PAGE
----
Process of Communication

Communication is a word of Latin origin; it means sharing of information or intelligence. The most common medium of communication is language. While speaking we often resort to physical gestures. We wave our hands, shrug our shoulders, smile and nod to reinforce what we say. Besides, there are several other means of communication available to us. We use non-linguistic symbols such as traffic lights, roads signs, railway signals to convey information relating to the movement of vehicles and trains. We also use telegraphic code for quick transmission of messages and secret codes for communicating defense and other highly confidential information. For communicational these codes are valid in their special frames of reference. But it is linguistic communication with which this article is concerned. Therefore, a brief is given here to outline how it takes place.

Communication is a process, the main components of which are sender, message, channel, receiver and response.

The first thing to note is that in every communication situation there are two parties, sender and a receiver, who interact within a common frame of reference. Without a common background purpose and interest there can be no effective communication.

An important factor in the communication process is the existence of cooperation between the sender and the receiver. If you speak to a person who is totally lost in his thoughts or use a language he does not understand, no communication will take place. Communication, in fact, is a social function and each community develops a common medium for the purpose. The medium may consist of a language or code – a set of symbols which stand for certain ideas, feelings, notions, things, etc. To encode a message, relevant symbols are selected and arranged into a pattern to convey meaning.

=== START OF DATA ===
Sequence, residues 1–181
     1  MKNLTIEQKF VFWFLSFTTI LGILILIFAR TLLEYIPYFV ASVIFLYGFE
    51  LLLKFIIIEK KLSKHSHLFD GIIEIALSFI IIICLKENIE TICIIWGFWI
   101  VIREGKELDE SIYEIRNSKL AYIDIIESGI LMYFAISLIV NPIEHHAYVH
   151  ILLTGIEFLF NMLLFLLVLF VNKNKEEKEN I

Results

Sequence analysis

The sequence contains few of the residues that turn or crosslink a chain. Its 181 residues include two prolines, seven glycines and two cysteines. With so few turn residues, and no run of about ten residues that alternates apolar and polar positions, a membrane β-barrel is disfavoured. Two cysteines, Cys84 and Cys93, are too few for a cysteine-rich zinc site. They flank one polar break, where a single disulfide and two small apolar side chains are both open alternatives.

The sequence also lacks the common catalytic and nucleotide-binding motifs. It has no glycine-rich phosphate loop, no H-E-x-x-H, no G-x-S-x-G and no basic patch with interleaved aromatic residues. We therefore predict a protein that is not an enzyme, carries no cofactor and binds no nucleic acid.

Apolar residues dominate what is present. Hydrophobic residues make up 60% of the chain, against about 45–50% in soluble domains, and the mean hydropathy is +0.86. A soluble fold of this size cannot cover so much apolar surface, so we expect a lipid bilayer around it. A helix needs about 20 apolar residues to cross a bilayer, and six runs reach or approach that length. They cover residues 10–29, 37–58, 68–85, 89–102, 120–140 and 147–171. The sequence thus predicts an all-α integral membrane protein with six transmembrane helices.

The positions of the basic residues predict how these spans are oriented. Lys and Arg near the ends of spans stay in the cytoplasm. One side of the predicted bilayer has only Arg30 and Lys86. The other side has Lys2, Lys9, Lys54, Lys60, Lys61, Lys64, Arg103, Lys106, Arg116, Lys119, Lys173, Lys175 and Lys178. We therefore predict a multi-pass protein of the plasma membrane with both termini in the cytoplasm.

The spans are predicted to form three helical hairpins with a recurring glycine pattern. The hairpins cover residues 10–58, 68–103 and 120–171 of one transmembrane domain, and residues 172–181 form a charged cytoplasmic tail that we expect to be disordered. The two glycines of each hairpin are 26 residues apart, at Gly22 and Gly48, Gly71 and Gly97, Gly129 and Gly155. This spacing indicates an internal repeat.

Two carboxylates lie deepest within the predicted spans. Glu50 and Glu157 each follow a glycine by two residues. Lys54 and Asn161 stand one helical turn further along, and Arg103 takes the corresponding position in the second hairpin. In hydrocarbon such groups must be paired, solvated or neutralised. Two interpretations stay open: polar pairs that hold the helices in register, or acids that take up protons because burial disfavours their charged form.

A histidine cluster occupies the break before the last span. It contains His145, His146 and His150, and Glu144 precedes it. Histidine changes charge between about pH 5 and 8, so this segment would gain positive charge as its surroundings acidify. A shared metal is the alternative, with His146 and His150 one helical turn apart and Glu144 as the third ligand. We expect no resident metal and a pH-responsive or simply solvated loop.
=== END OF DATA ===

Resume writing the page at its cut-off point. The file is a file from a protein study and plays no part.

The choice of the channel and the type of symbols is determined by the situation. When addressing a conference of research workers a scientist uses technical language. He speaks distinctly and makes suitable gestures to drive home his points. On the other hand, when he talks to his wife and children he uses simple everyday language and speaks in an informal manner.

When the sender transmits a message he expects a response. The response may be immediate or deferred, favorable or unfavorable. He may, for instance, send a letter of congratulations to a friend on his success in an examination and receive an immediately reply. On another occasion an application for leave may not be granted. But for this reason it has not ceased to be a communication, only it has produced the desired response.

The sender is naturally interested in knowing how his message has been received. The observation of the receiver’s response is called feedback. Immediate feedback is possible only in face to face interaction or telephonic conversation. Such communication has one significant advantage. The sender can promptly adjust the tenor of his communication. But oral communication by its very nature is of limited use.

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